As for where the band is headed—or if they’ll even know what it is when they arrive—Christensen is vague. “I still don’t know what ‘made it’ means for me right now,” he admits. “But where I felt that we had really broken some ground was when we got some radio play in the U.K. and we started selling out shows over there. And then when we signed over here to a label, I think that’s when we realized that, OK, this is something that we’re going to be doing for the next few years, and we’ll be happy doing it.”

In the end, the conglomeration of art and music has resulted in a sound that is at once unique and familiar and catchy as hell. The stars fell into alignment with this group; truly, there is no better configuration for this band. Indeed, it’s impossible to imagine the band led by anyone other than Christensen, with his distinct, defining voice and commanding presence. Still, I asked him to imagine what stellastarr* would be today if they had found the female singer they’d been seeking. “I think it would actually be too similar to a lot of other bands,” he says. “Now there are so many bands with female singers in them…so maybe it was better that we didn’t go that route.”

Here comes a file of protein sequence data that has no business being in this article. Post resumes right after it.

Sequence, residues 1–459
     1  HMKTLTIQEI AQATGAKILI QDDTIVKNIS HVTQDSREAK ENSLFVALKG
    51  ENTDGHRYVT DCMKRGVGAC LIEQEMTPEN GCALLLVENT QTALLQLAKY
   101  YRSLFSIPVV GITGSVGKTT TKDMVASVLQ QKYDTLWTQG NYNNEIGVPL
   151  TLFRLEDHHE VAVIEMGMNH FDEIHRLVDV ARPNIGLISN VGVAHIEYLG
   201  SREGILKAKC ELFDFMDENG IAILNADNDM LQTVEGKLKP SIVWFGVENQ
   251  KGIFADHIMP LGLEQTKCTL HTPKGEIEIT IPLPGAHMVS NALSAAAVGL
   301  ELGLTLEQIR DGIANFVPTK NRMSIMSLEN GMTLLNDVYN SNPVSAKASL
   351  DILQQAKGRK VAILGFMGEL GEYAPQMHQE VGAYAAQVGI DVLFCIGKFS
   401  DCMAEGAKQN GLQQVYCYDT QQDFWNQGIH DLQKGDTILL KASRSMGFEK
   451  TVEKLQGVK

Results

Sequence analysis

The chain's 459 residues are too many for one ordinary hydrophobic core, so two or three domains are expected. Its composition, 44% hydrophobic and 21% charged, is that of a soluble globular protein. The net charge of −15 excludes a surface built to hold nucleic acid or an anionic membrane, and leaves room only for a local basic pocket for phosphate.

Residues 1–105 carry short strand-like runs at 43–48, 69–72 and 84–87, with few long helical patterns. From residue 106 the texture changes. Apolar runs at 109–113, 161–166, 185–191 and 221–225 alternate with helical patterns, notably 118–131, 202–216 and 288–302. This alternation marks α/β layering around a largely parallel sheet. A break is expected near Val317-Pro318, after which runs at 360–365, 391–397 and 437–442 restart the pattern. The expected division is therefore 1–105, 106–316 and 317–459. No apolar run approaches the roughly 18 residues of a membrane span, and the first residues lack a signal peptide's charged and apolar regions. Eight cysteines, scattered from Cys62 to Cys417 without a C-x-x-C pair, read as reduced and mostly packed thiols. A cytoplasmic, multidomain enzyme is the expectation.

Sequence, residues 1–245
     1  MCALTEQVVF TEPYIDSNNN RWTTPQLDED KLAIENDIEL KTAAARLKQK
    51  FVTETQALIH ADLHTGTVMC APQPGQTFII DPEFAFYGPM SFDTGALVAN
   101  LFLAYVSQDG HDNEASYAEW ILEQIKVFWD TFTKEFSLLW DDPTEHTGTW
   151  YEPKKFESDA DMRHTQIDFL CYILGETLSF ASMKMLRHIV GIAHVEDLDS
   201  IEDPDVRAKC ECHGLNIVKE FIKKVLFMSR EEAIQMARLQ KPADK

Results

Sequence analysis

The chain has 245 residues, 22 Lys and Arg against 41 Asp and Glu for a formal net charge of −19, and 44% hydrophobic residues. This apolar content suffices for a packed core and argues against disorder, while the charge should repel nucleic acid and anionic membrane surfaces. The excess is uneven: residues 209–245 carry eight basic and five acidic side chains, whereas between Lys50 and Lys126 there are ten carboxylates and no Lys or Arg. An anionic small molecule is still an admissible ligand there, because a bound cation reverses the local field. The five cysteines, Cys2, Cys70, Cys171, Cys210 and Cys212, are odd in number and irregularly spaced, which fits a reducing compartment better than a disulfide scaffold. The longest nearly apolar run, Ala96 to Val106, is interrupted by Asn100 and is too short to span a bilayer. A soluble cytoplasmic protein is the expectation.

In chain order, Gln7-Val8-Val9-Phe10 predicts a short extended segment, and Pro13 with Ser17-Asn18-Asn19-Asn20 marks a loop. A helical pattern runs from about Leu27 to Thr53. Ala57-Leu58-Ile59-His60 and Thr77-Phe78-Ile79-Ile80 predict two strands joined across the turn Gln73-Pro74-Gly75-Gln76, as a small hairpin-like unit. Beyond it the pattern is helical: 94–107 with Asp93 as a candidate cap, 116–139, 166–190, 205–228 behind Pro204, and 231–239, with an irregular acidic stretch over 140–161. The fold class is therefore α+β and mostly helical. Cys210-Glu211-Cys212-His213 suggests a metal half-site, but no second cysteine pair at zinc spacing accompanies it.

He won’t get any arguments from me; I wouldn’t change a thing.

Check out stellastarr* for yourself at the Gargoyle on April 17.

A Portrait of the Artist: Shawn Christiansen
“I didn’t really listen to [music] until the early ’90s,” Christiansen confesses. “I just wasn’t into it; all I was into was drawing, really.” In fact, Christensen set out to be an artist, attending New York’s Pratt Institute to further his art skills. If not art, then he figured he’d fall back on acting, finding music to be so uncertain. “I never could take it seriously as a career because it’s such a shifty industry,” he says “How can I ever feel secure in this industry?”